I have been feeling pretty hopeless lately about the survival of the creatures of our natural environment. All around us are neighbours with dogs and except for one, they allow those dogs to wander, if not all the time, at least at some part of the day or night. Why do people not care that they are pushing the extinction of that wondrous bird? Is it because they never see it? I've never seen one in the wild either, but I'm always pleased to know they're out there. "My dog doesn't kill Kiwi." "My dog is always on the back porch and doesn't go away on its own." Neither is true. All dogs will kill Kiwi, they can't help themselves, because Kiwi smell so peculiar and are so physically fragile if bitten. All dogs wander if they're not restrained, they can't help themselves.
Heifer calf 856 has an enormous vaccination lump on the side of her neck. Vaccination of cattle is done without attending to the cleanliness of the surrounding skin and with the same needle for the whole group, so infection is possible, although never a significant problem. This lump will presumably resolve itself in time.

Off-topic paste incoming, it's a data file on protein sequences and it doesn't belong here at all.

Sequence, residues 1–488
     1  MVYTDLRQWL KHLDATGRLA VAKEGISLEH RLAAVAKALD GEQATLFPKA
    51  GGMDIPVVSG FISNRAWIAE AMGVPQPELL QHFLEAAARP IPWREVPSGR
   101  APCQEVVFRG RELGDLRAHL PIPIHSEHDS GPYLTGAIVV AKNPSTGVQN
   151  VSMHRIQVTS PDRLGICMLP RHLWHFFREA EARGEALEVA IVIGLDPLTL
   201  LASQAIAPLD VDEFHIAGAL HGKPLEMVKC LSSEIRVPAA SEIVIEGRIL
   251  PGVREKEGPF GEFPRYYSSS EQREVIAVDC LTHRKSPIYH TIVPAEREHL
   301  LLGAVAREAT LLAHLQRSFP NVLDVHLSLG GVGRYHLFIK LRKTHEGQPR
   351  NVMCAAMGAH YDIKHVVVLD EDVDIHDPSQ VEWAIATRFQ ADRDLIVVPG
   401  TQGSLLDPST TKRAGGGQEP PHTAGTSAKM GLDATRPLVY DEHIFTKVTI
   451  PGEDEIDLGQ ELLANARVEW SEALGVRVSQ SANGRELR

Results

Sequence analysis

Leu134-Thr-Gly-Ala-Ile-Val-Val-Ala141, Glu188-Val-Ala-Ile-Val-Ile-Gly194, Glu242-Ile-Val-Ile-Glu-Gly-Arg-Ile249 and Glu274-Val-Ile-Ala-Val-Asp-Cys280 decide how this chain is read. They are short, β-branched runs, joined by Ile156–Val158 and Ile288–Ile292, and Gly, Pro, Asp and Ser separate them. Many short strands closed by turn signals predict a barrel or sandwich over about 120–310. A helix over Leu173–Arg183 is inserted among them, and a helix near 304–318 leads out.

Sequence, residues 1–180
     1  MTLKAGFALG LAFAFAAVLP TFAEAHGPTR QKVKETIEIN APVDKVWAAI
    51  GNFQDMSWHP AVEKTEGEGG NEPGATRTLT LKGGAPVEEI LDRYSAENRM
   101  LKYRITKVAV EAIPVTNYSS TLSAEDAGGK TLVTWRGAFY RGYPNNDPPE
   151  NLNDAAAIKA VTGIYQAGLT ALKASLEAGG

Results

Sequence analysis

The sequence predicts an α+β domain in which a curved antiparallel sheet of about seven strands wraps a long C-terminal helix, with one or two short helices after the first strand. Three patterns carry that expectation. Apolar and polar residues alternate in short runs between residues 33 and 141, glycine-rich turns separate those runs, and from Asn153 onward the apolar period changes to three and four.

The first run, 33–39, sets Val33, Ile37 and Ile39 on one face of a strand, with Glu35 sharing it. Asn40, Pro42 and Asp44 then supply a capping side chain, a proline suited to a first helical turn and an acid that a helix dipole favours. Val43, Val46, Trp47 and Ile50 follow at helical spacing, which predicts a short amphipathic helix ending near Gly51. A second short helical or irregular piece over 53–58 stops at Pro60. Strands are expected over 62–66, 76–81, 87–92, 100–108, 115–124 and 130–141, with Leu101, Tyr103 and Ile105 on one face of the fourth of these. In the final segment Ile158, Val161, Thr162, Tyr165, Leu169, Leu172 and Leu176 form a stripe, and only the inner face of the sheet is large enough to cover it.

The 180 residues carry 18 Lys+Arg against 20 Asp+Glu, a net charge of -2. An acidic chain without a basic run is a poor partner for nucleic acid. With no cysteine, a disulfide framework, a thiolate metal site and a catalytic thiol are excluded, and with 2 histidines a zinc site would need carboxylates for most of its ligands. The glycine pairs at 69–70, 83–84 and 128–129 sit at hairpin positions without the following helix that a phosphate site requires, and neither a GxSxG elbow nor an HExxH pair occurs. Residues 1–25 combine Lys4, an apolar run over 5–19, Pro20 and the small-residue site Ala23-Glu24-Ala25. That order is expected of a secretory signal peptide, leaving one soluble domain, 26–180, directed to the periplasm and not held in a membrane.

Lovely, lovely blackberries.
835 is the son of 710, one of the six Reality 89 daughters, who has turned into a reliably good cow. She had a couple of incidents along the way, her second calf being born dead (probably the result of being bashed by one of the other cows when in a cramped area) and her third came out backwards, the first backwards delivery Stephan and I managed on our own, without veterinary assistance.
But now, as a mature cow, she stays in excellent condition, rears a good calf and lets me scratch her tail, which is always a winning move.
A crowd of children arrived for swimming this afternoon, I think about nine of them.
After inseminating a couple of cows, Stephan and I joined the adult visitors in the shade; Stephan here with Jonny.
Stephan looks weirdly small. He's down a level from Jonny.
Floss has no trouble making new friends, just keeping them. She's unforgiving of anything she considers a transgression and there's often blood and tears.